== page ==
The online diary of a dreamer creating Contemporary Romantic Fiction - because Every Woman needs Love and Laughter in her Life.

Sunday, 1 June 2008

This blog has now been closed and transferred to Ray-Anne's new blog.
I would love to meet you at my new house - so please-

Click here to be transferred: http://rayannelutener.wordpress.com/


Happy 1st June- and it's a special Birthday!

I started this blog for real in June 2007.

On the 11th Jan 2007 I decided to try my hand at this Blogging lark and actually managed one single post of a few lines -before putting it out of my mind.

The next post was on 27th June 2007 - I was gearing up for the RNA conference and my brain turned to the larger world outside my office.
I made so many new friends in the Romance writing community I knew that the Blog was the ideal way to keep connected through our chosen form of creativity.
Since then I have created 200 posts and had over 4000 page hits.

And now it is time to move to a new virtual house/ blogsite.
I do hope that you will pop in and say hello.

http://rayannelutener.wordpress.com/


Thank you all.

Monday, 26 May 2008

All Change.





Saturday 24th May. 12.20pm outside Kefallinia airport- outside temp. 32oC. Calm, cobalt seas and sky. Warm breeze carrying scent of jasmine and oleander.


Monday 26th May. 7.39am Basingstoke backbedroom - outside temp - well, it is cold, lashing down with rain and the trees are bending over in the wind. Scent of toilet bleach and electricals.

See pics above. I don't really need to add any more to that, do I?

Back here in the real world, and it is all change.


From 1st June I shall be migrating over to a new blog on Wordpress. The address is : http://rayannelutener.wordpress.com/


All of the posts from this blog will be transferred over, and this blog will be kept open for a month or so then archived. You can still make comments on the Wordpress blog as normal from a Blogger account.

Why move?

Wordpress has a lot more features - including the ability to add a lot more layers and background pages similar to a website. I do not currently have a website and am holding back until I have a clear idea of what my PenName is going to be, so Wordpress seems to me like a great stopgap site.

And the new blog will be under my name, making it easier for folks to find me.

I do hope that you will bookmark my new site and come and visit from 1st June.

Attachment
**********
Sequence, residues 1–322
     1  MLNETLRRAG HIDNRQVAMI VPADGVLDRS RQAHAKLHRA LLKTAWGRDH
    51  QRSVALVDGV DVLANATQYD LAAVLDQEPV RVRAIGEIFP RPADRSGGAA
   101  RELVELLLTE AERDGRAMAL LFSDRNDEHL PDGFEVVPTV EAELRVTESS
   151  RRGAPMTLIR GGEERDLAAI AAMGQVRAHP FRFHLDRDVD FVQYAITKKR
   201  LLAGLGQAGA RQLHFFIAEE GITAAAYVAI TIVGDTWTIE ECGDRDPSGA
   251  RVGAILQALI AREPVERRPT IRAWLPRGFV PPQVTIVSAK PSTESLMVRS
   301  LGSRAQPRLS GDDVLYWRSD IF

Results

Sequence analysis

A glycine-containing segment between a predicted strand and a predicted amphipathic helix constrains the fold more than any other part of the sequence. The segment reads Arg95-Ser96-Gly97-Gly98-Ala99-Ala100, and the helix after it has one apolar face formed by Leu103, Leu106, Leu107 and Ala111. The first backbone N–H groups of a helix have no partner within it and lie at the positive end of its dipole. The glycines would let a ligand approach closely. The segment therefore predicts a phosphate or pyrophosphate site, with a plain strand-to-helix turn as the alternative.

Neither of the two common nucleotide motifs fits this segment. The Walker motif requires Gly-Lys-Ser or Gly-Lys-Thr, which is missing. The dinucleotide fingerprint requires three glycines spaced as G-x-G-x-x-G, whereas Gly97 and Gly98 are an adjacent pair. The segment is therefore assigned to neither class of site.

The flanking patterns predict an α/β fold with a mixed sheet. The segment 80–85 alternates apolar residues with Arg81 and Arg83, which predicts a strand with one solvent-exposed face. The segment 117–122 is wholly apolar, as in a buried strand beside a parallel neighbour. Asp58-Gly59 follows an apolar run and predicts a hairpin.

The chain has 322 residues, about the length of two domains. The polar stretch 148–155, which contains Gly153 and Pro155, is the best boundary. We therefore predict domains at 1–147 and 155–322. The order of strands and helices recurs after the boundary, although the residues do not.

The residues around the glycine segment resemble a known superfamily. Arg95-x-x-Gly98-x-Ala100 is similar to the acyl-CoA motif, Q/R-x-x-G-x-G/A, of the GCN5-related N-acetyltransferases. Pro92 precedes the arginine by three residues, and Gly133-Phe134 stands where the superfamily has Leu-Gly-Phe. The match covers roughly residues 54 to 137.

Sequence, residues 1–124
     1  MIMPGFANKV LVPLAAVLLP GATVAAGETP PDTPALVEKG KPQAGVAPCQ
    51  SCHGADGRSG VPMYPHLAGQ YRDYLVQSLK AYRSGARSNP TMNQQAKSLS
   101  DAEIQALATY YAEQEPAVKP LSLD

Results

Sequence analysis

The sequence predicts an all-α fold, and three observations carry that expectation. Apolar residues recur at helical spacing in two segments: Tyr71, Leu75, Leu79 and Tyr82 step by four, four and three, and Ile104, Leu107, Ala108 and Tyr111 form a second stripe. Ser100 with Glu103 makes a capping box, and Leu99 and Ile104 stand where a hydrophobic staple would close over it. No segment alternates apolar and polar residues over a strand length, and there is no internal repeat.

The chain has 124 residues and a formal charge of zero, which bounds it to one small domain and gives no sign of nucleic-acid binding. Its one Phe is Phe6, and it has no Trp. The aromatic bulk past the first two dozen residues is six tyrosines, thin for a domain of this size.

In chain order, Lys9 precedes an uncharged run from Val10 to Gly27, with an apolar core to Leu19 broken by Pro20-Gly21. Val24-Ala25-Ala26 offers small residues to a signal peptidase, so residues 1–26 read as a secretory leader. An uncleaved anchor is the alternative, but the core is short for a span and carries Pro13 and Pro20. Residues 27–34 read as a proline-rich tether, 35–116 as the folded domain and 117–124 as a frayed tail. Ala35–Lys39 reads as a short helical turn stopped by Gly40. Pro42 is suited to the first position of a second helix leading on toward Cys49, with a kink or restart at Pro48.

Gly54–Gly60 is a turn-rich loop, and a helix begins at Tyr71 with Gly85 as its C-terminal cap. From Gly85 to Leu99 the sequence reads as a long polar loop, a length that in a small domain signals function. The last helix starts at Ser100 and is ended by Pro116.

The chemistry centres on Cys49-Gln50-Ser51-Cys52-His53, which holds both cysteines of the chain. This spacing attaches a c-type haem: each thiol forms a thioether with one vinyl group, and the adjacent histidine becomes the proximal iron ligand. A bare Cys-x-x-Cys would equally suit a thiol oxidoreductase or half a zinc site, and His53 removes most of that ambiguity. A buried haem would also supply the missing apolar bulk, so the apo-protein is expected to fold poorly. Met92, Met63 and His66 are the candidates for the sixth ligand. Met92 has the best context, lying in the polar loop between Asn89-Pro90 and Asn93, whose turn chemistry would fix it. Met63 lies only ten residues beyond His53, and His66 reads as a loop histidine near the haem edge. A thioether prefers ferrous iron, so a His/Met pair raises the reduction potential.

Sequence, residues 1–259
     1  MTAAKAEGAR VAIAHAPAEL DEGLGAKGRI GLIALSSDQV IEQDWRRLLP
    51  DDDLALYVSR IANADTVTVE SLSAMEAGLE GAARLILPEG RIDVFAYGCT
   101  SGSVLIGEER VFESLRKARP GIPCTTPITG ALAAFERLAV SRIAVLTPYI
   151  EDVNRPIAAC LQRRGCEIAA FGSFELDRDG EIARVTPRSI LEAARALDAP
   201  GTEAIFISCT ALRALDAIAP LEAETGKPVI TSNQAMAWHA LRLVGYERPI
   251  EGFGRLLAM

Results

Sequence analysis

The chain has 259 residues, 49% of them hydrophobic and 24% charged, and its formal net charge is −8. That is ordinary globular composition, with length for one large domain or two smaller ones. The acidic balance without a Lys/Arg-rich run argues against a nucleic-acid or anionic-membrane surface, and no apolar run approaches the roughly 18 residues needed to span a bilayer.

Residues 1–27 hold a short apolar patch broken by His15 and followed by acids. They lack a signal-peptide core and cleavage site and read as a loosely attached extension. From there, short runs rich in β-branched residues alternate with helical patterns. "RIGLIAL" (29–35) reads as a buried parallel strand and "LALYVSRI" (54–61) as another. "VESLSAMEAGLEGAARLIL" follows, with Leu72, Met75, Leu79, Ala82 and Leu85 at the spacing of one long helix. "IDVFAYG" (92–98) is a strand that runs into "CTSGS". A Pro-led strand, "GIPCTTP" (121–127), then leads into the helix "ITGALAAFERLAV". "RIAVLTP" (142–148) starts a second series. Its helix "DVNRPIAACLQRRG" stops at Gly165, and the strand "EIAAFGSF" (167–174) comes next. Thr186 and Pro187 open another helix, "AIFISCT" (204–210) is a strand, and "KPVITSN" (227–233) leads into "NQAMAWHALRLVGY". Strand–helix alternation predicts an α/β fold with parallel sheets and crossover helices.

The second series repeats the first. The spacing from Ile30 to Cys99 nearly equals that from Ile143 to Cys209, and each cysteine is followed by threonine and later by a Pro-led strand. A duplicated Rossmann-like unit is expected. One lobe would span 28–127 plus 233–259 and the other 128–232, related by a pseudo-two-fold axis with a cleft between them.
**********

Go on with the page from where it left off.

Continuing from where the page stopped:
In the meantime I need to work on the new blog so it is ready for visitors.
See you there soon.

Friday, 9 May 2008

Summer Hols


Just when the good weather reaches the UK - I am leaving for my hols.


2 weeks in the Ionian should give me the boost I need to finish the thriller revision, and gear up for the next couple of books which will take me over the summer.


Hope the sun shines on you, wherever you are, and see you again soon.

Wednesday, 7 May 2008

J J Abrams and Amy Tan on Creativity


Jurgen Wolff * had an excellent blog and several websites for creative people and his daily blog is always interesting.

Through Jurgen I have come to know of the TED Lecture series where leading experts in all fields of modern life are invited to give short presentations.


It is an awesome reference on the mind processes of some of the most inspiring people in the western world today.


This morning I listened to J J Abrams talking on the Mystery Box.


J.J. Abrams traced his love of the unseen mystery -- the heart of Alias, Lost, and the upcoming Cloverfield -- back to its own magical beginnings, which may or may not include an early obsession with magic, the love of a supportive grandfather, or his own
http://www.ted.com/talks/view/id/205.

Go here to watch on YouTube:
http://uk.youtube.com/watch?v=vpjVgF5JDq8

In another genre, Amy Tan spoke at this year's TED Conference.


'Novelist Amy Tan digs deep into the creative process, journeying through her childhood and family history and into the worlds of physics and chance, looking for hints of where her own creativity comes from. It's a wild ride with a surprise ending.'


Brilliant. Fascinating to learn about the completely different mindset of another writer.
Go here to listen to it -
http://www.ted.com/talks/view/id/250

*
http://www.timetowrite.blogs.com/

Sunday, 4 May 2008

Holiday Packing - The Jeff Kitchen Screenwriting Method


This is the Dilemma.

I am about to start a two week holiday in the Greek Islands [ see picture - this is the view from the kitchen window].